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ASHRAE Membership

ASHRAE membership is open to any person associated with heating, ventilation, air conditioning or refrigeration. ASHRAE is unique because its membership is drawn from a wide range of disciplines relating to the HVAC&R field. Approximately 51,000 individuals from more than 100 nations belong to the Society.

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ASHRAE members earn 15% off publications. Hundreds of titles are available including the complete collection of ASHRAE Standards including 90.1, 62.1 and 189.1.
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Each month, all over the world, ASHRAE chapters convene for an informational program featuring a speaker or topic that is key to professionals in the industry. Meet with your peers and share ideas.
 
 
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BC Chapter Tours Curling Facility

B.C. Chapter Tours Curling Facility



Some 70 ASHRAE members got a first-hand look at the mechanics that supports a game known as “chess on ice” as part of their chapter’s November meeting.

The British Columbia Chapter toured an Olympic curling venue at the Hillcrest Community Centre, which is a legacy venue of the 2012 Vancouver Winter Olympics. The event was arranged by Refrigeration Committee chair Mark Szilard and hosted at the Vancouver Curling Club. A special guest was Kevin Marple, Region XI director and regional chair.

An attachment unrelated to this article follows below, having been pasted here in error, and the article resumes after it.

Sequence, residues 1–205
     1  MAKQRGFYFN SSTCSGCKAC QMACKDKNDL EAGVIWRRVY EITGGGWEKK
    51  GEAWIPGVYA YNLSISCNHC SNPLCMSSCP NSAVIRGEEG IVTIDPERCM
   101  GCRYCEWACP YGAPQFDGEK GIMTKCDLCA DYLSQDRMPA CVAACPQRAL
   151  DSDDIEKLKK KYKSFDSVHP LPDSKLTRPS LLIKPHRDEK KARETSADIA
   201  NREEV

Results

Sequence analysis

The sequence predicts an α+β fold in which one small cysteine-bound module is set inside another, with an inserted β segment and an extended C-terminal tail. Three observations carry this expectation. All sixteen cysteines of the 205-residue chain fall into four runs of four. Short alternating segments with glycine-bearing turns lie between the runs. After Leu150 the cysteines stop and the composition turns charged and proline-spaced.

Architect Stuart Rothnie and Eric Bradley, refrigeration consultant for the project, both gave presentations, which were then followed by a tour of the ammonia plant and mechanical systems.

Norm Grusnick, chapter historian, explains: curling is a sport in which players slide stones across a sheet of ice toward a target area which is segmented into four rings. It is similar to shuffleboard  but on ice. Two teams of four, take turns sliding heavy polished granite stones from end to end. The target area is a series of circles drawn on the ice and scoring is done by closest to the centre. The granite rocks are influenced in their path by two sweepers with brooms to assist in the sliding action. A great deal of strategy goes into the placement of each stone, thus game’s nickname is “chess on ice.”

 He notes that curling originated in medieval Scotland in the 1500s.